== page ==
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Gov’t defends NGO draft law

Sok Sam Oeun, legal expert and president of the Cambodian Defenders Project, speaks yesterday during discussions between the government and NGOs on the new draft of the NGO law.

There was a degree of exasperation on the part of Ministry of Interior officials during  nearly two and a half hours of open-floor discussion with civil society about the fourth generation of the draft law on associations and NGOs.

“If the NGO law violates the Constitution, show me the points,” Deputy Prime Minister Sar Kheng, who is also the Minister of Interior, said at the forum’s opening yesterday.

Civil society had only one more week in which to provide its views and feedback on the fourth generation of the draft law on associations and NGOs before the law was finalised, Ministry of Interior officials said yesterday.

About 200 government and civil society representatives attended the open half-day forum at the Ministry of Interior to air concerns about the fourth generation of the draft law.

“We are having a wide discussion on this law, more than on any other laws – for example, the Demonstration Law,” the Deputy Prime Minister said.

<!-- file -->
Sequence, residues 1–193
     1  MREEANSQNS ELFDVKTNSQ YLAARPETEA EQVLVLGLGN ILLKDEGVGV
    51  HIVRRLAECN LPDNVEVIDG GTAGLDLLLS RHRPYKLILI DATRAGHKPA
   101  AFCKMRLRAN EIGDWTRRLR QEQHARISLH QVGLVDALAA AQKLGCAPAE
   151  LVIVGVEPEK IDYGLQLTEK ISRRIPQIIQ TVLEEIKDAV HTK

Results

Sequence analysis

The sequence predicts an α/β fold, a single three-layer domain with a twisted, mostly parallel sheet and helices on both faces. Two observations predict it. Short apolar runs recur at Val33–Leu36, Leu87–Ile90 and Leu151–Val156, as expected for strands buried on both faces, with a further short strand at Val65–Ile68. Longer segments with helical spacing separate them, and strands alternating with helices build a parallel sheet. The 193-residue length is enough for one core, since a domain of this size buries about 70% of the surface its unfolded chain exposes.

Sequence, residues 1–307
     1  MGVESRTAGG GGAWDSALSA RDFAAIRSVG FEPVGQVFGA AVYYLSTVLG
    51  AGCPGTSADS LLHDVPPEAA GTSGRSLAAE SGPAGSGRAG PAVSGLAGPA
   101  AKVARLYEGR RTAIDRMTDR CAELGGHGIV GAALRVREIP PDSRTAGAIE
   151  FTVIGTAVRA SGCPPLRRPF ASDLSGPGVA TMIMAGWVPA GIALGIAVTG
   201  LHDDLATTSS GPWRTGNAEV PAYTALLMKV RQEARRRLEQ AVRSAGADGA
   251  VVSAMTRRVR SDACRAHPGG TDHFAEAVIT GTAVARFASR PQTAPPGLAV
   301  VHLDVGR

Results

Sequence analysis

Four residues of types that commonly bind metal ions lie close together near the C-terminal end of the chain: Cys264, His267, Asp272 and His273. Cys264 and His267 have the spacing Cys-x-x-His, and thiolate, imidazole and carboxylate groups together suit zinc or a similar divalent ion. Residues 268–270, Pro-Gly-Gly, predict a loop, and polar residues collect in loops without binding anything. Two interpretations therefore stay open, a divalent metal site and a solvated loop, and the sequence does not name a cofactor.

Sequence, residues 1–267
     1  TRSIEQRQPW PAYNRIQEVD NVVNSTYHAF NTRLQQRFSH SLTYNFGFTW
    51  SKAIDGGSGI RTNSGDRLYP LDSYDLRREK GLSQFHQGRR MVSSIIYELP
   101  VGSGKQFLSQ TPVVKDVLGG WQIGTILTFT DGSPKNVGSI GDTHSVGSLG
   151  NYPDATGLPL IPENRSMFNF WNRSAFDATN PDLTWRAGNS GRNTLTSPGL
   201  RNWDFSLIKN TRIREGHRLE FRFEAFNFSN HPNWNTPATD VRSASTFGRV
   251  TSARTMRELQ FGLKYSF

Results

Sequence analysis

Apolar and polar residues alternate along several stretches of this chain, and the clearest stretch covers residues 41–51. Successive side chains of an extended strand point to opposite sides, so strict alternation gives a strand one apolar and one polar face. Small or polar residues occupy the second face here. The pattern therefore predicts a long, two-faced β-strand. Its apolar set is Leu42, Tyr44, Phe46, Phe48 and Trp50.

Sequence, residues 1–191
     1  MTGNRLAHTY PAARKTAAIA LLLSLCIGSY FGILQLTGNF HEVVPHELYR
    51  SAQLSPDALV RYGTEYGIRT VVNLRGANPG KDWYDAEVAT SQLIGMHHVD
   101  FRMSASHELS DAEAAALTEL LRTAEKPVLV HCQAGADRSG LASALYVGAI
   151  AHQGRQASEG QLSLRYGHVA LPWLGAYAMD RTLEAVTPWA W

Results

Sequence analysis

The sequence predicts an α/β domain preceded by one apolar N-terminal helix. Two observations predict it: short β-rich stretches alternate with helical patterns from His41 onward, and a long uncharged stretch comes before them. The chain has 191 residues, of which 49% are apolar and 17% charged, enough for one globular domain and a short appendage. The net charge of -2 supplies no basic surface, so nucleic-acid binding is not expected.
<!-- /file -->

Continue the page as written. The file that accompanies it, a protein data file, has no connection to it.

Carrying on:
“If you want to have rights and freedoms, than those things must be written in law,” Sar Kheng told the forum. “When I follow you, I am wrong, but if I don’t, I am still wrong.”

National Assembly draft law committee member Chheang Vun said it was the responsibility of the government to create a registration protocol for the associations and organisations operating in the Kingdom.

“We need to respect the rights and obligations of each other,” former UN ambassador Chheang Vun said. “We cannot immediately inform you which of your comments we accept and which we reject.

“Do not abuse this opportunity or lose this opportunity.”

Key concerns of those attending the forum included the cap on salaries for foreigners, situations in which an association or NGO can be dissolved, and burdensome obligations for commune and sankgat chiefs.

Cambodian Defenders’ Project president Sok Sam Oeun pointed out that the latest draft’s limit on “administrative expenses”, including all salaries, would seemingly be too low to attract and recruit professionals such as lawyers.

“With a 25 per cent cap, you will not be able to pay these professionals,” he said.

Soy Kosal, of the National Alliance of Communes and Sangkats, said the draft put too big  a burden on the shoulders of commune and sangkat chiefs.

“At the commune and sangkat level, they are required to take all the written notice of all the organisations in their community,” Soy Kosal said.

“There need to be clear roles and measures for the communes and sangkats in handling this responsibility. Otherwise, it is too big a challenge.”

Officials from the Ministry of Interior closed the forum with an open invitation to receive further written comments and feedback over the next week.

After these comments had been assessed, there would possibly be further consultations, they said.



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